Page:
HomeGroupsTalkExploreZeitgeist
Search Site
This site uses cookies to deliver our services, improve performance, for analytics, and (if not signed in) for advertising. By using LibraryThing you acknowledge that you have read and understand our Terms of Service and Privacy Policy. Your use of the site and services is subject to these policies and terms.
Hide this

Results from Google Books

Click on a thumbnail to go to Google Books.

Loading...

The Book of Strange New Things (2014)

by Michel Faber

MembersReviewsPopularityAverage ratingMentions
1,9351276,971 (3.72)154
"It begins with Peter, a devoted man of faith, as he is called to the mission of a lifetime, one that takes him galaxies away from his wife, Bea. Peter becomes immersed in the mysteries of an astonishing new environment, overseen by an enigmatic corporation known only as USIC. His work introduces him to a seemingly friendly native population struggling with a dangerous illness and hungry for Peter's teachings--his Bible is their "book of strange new things." But Peter is rattled when Bea's letters from home become increasingly desperate: typhoons and earthquakes are devastating whole countries, and governments are crumbling. Bea's faith, once the guiding light of their lives, begins to falter. Suddenly, a separation measured by an otherworldly distance, and defined both by one newly discovered world and another in a state of collapse, is threatened by an ever-widening gulf that is much less quantifiable. While Peter is reconciling the needs of his congregation with the desires of his strange employer, Bea is struggling for survival. Their trials lay bare a profound meditation on faith, love tested beyond endurance, and our responsibility to those closest to us" --… (more)
  1. 50
    The Sparrow by Mary Doria Russell (GCPLreader)
  2. 40
    The Bone Clocks by David Mitchell (hairball)
    hairball: The world falls apart...
  3. 10
    Version Control by Dexter Palmer (KatyBee)
  4. 00
    Eifelheim by Michael Flynn (sturlington)
    sturlington: Humans coming into contact with aliens, with a religious theme.
  5. 01
    The Dazzle of Day by Molly Gloss (vwinsloe)
    vwinsloe: also known as "Quakers in Space."
  6. 01
    The Explorer by James Smythe (Anonymous user)
  7. 01
    Le Papillon des Etoiles by Bernard Werber (Cecilturtle)
Loading...

Sign up for LibraryThing to find out whether you'll like this book.

No current Talk conversations about this book.

» See also 154 mentions

English (120)  Dutch (2)  French (1)  Piratical (1)  Italian (1)  Portuguese (Portugal) (1)  All languages (126)
Showing 1-5 of 120 (next | show all)
I wish I could give this book more stars. But there are things some writers do that I can't stand, and which, as is the case with this book, leave a rotten taste in my mouth. Michel Faber shows an undisguised condescension toward women and their looks. Why are most of the women in the book described in such brief but hideous ways? A "fat idiot" he thinks, about one; there is a butch looking woman (one of many, apparently) who is assumed to have ripped pages from a "lesbian" porn magazine to take to her room; a woman from Central America who looks like a "monkey"; and about Grainger, the woman he gets closest to on the compound, he says:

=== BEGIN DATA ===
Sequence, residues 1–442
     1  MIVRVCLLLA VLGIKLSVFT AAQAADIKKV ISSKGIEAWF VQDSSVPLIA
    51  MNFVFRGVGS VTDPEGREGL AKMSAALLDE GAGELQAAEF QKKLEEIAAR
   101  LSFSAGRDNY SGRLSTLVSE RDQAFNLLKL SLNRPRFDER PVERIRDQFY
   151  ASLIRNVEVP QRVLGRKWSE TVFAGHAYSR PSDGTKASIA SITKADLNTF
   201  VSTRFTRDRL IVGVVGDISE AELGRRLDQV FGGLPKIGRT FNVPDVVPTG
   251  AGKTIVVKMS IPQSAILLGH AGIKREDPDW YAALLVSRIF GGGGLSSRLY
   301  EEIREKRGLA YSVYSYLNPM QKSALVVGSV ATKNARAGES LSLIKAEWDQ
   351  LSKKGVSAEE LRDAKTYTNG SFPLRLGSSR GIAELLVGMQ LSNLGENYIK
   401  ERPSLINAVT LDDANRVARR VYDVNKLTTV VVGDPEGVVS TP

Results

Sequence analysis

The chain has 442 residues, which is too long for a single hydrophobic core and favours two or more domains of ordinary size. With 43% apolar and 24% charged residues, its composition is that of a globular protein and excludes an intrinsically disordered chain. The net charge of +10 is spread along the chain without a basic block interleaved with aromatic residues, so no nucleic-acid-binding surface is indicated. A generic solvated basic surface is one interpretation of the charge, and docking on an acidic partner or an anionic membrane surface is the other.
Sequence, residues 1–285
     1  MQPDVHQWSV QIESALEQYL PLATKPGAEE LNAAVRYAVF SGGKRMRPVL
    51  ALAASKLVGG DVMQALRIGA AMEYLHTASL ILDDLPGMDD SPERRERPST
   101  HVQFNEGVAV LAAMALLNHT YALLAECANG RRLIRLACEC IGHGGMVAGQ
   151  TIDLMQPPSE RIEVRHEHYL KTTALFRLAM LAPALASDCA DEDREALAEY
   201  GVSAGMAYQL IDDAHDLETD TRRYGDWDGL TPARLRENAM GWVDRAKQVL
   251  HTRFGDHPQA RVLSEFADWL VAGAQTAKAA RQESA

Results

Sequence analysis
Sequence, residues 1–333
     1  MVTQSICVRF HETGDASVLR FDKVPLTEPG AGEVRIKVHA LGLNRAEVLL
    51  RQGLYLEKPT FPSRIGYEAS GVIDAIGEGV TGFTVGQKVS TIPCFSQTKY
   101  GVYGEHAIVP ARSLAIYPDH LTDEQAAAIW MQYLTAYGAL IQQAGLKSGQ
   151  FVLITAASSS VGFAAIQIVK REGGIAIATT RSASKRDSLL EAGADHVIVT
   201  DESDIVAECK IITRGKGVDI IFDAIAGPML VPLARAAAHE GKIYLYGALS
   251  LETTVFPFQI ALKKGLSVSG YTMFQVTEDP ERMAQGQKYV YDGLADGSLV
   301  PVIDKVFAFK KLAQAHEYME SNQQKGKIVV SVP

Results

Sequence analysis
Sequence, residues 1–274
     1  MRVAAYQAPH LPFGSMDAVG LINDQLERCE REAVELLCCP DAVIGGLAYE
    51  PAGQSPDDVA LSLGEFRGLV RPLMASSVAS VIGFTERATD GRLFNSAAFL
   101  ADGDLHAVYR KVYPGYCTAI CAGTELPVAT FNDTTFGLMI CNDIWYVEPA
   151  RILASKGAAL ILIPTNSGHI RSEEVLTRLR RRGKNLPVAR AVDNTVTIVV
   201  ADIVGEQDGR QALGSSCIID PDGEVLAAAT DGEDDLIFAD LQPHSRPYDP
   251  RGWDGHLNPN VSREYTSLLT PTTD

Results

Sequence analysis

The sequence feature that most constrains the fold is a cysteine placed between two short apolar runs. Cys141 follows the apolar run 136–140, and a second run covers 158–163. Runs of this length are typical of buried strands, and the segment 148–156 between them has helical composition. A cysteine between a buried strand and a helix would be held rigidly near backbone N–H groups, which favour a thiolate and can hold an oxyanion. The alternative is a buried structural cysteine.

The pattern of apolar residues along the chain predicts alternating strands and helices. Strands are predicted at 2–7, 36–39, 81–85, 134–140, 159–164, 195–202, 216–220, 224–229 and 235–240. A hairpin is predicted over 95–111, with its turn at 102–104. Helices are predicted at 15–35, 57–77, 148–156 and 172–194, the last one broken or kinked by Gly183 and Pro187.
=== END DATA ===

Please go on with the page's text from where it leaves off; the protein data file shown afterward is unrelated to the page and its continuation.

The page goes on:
"Her cheekbones weren't particularly good. She had the sort of face that was beautiful only if she watched her diet and didn't get much older than she was now. As soon as age or over-indulgence filled out her cheeks and thickened her neck, even a little, she would cross a line from elfin allure into mannish homeliness. He felt sad for her, sad about the ease with which her physical destiny could be read by anyone who cared to cast a glance over her, sad about the matter-of-factness with which her genes stated the limits of what they were willing to do for her in the years to come, sad that she was at her peak now and still not fulfilled." (Of course, Peter's wife has particularly "good cheekbones". Too bad she has the typical pregnant woman's raging hormonal imbalance, forcing her to behave hysterically as the Earth goes to hell.)

Another irksome and repulsive intrusion on the story is Faber's need to let us know, often, what our Father Peter does with his "DNA", whether it's running down the drains, or on his abdomen.

I don't mean to say these things rip the novel of merit. But the story is a potentially intriguing romp through a remote landscape (literally and figuratively), with desolation and boredom in between moments of interesting psychological and philosophical drama and attachment. The insertion of the main character's unquestioned and unresolved misogyny, racism, ageism, homophobia, lend nothing to the narrative, except a reminder that the (rather unpleasant) author is never far away, despite his novel's attempt to be one that might matter with transcendence. These "moments" are a relentless distraction from an otherwise rather seamless and fascinating novel. Faber's writing, for the most part, feels self-assured and flows well, except when he needs, clearly, a simple way of describing his characters, then he falls into ugly cliches and stereotypes, which left me rolling my eyes, if not repulsed. ( )